4

If player pulls card out of his hand and then puts it back in his hand, and opponents have seen the card, must player play that card?

  • Not sure if relevant but ACBL? Or Europe/elsewhere? There are duplicate bridge laws which might potentially vary with (large) jurisdiction. – Aryabhata Jun 19 '18 at 0:54
  • @Aryabhata: My understanding is that the Laws of Duplicate Bridge are promulgated by, and authorized by, the World Bridge Federation; albeit with assistance and co-operation from from the A.C.B.L., E.B.L., and Portland Club. Only where specifically designated in the Laws are authorities delegated to National and Organizing committees. – Forget I was ever here Jun 19 '18 at 3:36
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    @ForgetIwaseverhere: That makes sense. Hopefully this one is a global rule. – Aryabhata Jun 19 '18 at 21:21
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The relevant rule is Law 45 (C) from the Laws of Duplicate Bridge (2017)

LAW 45 - CARD PLAYED

...

C. Card Deemed to be Played

  1. A defender’s card held so that it is possible for his partner to see its face is deemed played to the current trick (if the defender has already made a legal play to the current trick, see Law 45E).

  2. Declarer is deemed to have played a card from his hand if it is: (a) held face up, touching or nearly touching the table; or (b) maintained in such a position as to indicate that it has been played.

  3. A card in the dummy is played if it has been deliberately touched by declarer except for the purpose either of arranging dummy’s cards, or of reaching a card above or below the card or cards touched.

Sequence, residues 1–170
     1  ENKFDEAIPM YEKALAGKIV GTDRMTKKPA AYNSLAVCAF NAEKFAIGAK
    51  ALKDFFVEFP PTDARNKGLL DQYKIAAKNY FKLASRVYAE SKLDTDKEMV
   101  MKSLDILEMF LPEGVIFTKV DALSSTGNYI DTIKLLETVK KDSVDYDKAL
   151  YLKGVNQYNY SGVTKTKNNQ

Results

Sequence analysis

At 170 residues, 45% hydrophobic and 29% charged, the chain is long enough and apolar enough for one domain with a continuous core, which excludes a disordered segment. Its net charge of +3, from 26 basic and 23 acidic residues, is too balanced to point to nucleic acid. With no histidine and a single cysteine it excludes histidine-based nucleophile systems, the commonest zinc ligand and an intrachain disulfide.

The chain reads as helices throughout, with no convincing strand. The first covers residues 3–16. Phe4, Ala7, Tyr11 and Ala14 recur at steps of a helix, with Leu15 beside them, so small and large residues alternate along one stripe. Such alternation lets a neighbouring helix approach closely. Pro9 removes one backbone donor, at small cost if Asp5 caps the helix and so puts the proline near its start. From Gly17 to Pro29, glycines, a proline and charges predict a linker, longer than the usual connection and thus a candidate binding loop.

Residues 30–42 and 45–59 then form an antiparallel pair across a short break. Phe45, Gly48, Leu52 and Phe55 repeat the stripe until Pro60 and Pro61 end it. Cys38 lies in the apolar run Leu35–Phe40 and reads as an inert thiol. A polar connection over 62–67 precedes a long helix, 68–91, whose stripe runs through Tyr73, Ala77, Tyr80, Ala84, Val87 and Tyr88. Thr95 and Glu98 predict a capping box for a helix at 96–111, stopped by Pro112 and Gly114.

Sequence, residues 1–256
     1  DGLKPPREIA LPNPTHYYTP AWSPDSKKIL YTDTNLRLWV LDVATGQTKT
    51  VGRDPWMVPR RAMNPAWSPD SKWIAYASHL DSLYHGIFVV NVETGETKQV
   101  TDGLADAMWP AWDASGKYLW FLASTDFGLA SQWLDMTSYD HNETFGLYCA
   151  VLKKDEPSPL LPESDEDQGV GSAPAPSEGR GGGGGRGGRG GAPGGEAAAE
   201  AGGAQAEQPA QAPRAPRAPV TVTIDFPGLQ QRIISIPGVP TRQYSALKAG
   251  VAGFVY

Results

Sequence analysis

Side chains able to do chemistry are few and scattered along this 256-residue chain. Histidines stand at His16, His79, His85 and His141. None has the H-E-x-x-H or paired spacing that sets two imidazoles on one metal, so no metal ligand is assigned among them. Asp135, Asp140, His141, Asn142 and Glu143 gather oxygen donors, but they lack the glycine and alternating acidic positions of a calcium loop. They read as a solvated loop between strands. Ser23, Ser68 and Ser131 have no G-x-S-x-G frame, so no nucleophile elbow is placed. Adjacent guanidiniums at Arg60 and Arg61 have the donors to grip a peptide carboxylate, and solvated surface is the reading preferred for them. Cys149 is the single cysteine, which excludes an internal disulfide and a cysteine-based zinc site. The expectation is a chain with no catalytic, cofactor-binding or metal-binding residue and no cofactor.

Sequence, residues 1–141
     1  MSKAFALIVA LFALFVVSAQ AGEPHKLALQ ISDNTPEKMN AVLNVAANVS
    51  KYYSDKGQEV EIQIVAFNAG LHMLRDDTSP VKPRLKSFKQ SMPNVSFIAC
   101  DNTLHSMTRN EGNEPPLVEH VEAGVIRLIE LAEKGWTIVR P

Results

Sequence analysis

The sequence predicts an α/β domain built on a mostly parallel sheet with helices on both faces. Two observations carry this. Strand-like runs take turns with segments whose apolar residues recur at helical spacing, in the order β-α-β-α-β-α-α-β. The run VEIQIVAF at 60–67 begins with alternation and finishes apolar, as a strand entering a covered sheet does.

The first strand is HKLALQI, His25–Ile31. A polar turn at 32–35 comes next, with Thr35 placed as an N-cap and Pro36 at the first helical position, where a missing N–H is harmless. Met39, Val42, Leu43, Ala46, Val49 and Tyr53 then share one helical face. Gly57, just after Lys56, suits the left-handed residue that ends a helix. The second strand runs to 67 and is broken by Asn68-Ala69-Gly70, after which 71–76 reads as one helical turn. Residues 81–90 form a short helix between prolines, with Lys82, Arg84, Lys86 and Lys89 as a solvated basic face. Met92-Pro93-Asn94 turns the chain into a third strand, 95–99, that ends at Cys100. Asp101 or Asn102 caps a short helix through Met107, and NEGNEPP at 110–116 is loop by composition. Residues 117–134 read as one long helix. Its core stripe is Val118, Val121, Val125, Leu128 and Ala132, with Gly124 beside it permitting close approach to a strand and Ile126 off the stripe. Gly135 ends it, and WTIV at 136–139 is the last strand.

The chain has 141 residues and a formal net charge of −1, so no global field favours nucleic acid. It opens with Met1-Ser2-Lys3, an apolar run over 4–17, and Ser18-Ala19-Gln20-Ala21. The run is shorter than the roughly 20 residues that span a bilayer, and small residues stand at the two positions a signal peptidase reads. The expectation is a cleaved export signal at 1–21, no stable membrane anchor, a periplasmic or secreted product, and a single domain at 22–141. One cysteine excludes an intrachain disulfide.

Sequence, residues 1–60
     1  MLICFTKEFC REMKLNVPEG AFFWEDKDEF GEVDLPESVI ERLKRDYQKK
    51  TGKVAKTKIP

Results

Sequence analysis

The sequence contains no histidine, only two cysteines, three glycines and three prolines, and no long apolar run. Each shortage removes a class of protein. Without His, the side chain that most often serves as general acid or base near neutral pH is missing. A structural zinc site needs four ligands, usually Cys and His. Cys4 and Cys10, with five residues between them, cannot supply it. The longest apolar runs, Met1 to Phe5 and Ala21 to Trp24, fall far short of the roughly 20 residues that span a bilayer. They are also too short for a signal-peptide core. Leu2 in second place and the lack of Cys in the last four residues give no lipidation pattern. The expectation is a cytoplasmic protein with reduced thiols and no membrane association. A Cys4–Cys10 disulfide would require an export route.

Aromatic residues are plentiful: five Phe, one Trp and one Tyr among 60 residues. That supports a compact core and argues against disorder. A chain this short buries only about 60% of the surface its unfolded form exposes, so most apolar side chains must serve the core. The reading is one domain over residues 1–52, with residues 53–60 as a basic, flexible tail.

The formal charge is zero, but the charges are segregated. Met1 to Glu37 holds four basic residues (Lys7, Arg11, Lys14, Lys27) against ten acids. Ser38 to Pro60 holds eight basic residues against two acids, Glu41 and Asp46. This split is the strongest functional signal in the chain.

4. (a) A card is played if a player names or otherwise designates it as the card he proposes to play (but see Law 47).
    (b) Declarer may correct an unintended designation of a card from dummy until he next plays a card from either his own hand or from dummy. A change of designation may be allowed after a slip of the tongue, but not after a loss of concentration or a reconsideration of action. If an opponent has, in turn, played a card that was legal before the change in designation, that opponent may withdraw the card so played, return it to his hand, and substitute another (see Laws 47D and 16C1).

So to answer your question: No, a Defender's card is not played simply because an opponent (Declarer) can see which card it is; rather it is played if it is held so that the Defender's partner can identify it,

Further clarification through Minutes of the W.B.F. Laws Committee, where necessary, are available here.

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